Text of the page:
Saturday, January 19, 2019

The Winter of the Witch - Katherine Arden

'The Winter of the Witch' is the last of the trilogy that started with 'The Bear and the Nightingale' and continued with 'The Girl in the Tower'. I was going to make a sweeping statement about trends in publishing fairy tale books and the timing of when 'The Bear and the Nightingale' first came out, but realise I'm not actually to sure of my ground.

I noticed the first book based on it's pretty cover, and because Waterstones were promoting it heavily. I held off buying it until it was in paperback, and because I had really enjoyed Naomi Novik's 'Uprooted'. Since then I've become much more aware of Slavic folklore, and the general fashion for retelling fairy stories. It's a sub genre that sits on the edge of things I'm interested in - done well I find something I think is genuinely exciting, done not so well it's a bit tiresome.

Katherine Arden does it well, and as the trilogy has unfolded she's become a noticeably better writer. She keeps one foot in history, and another in established folklore which provide a solid framework for her plot. 'The Winter of the Witch' opens immediately after the events of 'The Girl in the Tower' with Vasya soon fighting for her life as a baying mob, led by the deranged priest, Konstantin, plan to burn her as a witch.

The crisis continues to build as events unfold, there is plague in the city, the dead are walking, war is coming, and Vasya needs to find ways to protect those she loves and a place, or way, to live in the world.

Arden explains magic as the ability to forget that things are other than the way you want them. If Vasya can forget that people will notice her, they won't notice her. If she can call on the memory of the fire that threatened her she can call the fire. To forget to much about reality, or to bend it to far is to risk madness. There's a logic to all this, the ability to be magical is Vasya's inheritance, it's literally in her blood but she's limited by experience and a sense of self preservation. The things she does seem only just impossible and Arden makes sure there's a price to be paid for every choice.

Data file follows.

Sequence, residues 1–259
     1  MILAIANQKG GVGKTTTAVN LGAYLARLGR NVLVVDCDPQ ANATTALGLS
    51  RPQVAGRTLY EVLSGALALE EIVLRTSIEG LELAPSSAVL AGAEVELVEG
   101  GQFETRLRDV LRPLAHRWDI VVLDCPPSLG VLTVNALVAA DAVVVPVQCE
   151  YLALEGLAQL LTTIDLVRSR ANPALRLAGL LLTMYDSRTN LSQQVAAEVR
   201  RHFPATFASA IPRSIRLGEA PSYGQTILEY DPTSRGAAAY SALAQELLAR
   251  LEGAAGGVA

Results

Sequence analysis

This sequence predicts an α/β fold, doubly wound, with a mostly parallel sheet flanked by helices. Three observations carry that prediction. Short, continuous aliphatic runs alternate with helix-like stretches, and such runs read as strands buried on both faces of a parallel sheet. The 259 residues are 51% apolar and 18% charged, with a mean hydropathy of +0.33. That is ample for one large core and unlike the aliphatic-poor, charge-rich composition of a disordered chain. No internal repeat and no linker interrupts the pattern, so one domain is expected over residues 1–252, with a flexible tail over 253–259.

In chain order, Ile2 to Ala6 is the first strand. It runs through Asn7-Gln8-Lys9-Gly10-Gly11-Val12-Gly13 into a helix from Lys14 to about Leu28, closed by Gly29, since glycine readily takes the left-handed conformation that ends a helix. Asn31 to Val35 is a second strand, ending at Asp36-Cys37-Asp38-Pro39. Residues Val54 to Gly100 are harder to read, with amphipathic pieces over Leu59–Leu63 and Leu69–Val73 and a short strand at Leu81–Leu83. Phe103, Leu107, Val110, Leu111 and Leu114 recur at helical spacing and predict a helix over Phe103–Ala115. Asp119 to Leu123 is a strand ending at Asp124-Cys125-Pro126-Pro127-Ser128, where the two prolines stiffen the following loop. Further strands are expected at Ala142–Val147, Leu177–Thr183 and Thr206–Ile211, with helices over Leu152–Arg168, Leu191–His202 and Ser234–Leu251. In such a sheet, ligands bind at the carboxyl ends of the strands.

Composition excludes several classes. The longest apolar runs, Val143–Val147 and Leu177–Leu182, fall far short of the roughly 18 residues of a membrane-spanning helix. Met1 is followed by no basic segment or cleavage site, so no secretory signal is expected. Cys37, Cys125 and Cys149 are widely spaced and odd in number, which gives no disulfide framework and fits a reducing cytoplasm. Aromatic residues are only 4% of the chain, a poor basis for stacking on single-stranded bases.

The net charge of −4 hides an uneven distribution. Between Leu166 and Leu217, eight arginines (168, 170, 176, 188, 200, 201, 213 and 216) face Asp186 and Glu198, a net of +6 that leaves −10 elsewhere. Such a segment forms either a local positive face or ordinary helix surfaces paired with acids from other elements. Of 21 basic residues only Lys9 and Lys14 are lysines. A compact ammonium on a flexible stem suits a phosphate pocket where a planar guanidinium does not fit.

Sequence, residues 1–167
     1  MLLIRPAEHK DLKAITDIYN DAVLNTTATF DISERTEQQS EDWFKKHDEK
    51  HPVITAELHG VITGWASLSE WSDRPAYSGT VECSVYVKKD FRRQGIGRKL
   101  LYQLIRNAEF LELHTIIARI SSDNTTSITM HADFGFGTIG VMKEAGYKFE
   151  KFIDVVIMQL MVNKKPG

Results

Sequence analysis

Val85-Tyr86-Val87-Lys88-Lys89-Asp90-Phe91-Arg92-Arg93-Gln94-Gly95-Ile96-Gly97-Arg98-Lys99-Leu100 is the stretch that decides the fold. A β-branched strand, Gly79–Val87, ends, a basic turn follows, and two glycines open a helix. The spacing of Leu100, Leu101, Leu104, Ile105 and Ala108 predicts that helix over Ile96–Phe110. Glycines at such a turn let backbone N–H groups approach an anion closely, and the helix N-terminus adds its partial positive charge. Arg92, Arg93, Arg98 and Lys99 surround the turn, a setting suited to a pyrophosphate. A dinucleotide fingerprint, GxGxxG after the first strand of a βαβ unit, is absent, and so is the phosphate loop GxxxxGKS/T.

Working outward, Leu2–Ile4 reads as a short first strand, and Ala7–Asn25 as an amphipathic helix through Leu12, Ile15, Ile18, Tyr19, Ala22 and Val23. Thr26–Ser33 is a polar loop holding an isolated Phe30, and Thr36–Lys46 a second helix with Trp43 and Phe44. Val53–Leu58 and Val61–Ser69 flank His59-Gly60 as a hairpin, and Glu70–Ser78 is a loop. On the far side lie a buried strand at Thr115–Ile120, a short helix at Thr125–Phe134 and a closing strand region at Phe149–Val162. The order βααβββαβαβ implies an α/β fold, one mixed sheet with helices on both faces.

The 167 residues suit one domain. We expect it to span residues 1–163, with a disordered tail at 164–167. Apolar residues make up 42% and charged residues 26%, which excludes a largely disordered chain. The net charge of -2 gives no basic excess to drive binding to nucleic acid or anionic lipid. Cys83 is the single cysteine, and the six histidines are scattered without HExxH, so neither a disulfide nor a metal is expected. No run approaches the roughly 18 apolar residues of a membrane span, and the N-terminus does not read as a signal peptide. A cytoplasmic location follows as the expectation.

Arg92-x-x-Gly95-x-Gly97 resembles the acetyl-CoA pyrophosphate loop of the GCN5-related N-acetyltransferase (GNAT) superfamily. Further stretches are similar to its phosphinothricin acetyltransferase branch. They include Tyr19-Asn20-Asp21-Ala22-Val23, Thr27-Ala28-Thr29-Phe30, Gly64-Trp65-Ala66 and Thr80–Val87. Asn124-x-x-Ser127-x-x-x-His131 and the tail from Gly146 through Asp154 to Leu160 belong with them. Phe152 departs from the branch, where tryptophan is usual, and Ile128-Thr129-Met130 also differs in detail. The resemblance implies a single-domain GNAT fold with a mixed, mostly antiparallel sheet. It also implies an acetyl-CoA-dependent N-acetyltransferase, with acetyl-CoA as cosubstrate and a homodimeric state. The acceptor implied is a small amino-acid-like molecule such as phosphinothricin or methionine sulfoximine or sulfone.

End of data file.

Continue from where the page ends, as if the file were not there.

She also redeems Father Konstantin a little, giving him some humanity back as his story ends, just enough to make me feel a passing moment of empathy, which makes him a much more convincing horror. And that's the real strength of this last book, it fleshes out the personalities of a number of protagonists we're already familiar with making them much more complex and satisfactory.

I'm not sure I can make any great claims for the series beyond saying that if it sounds like the kind of thing you enjoy, you'll almost certainly enjoy it. For me that's partly due to the historical background detail. Both in terms of the battles that happened, and the domestic details of stoves and bath houses, smells and textures. The more prosaic details balance the fantastic ones. The other charm is how well drawn the characters are. I'll certainly look forward to whatever Arden writes next.


  1. I've yet to read the middle one, but I loved the first in this trilogy.

  2. I think they get better. The pacing of the second book is better than in the first, and the depth she gives some of the characters in the third is really satisfying. I really like the way that magic is presented too. It's dangerous and limited, a tool that can be used to help Vasya but not without its own risks, and not in a wave your wand and all will be well way. I know reworking fairy tales is fashionable right now but Arden does it particularly well. Better I think than Naomi Novak in Uprooted and Spinning Silver, although I loved both of those (and read them more or less alongside hence the comparison). It will be really interesting to see what she does next.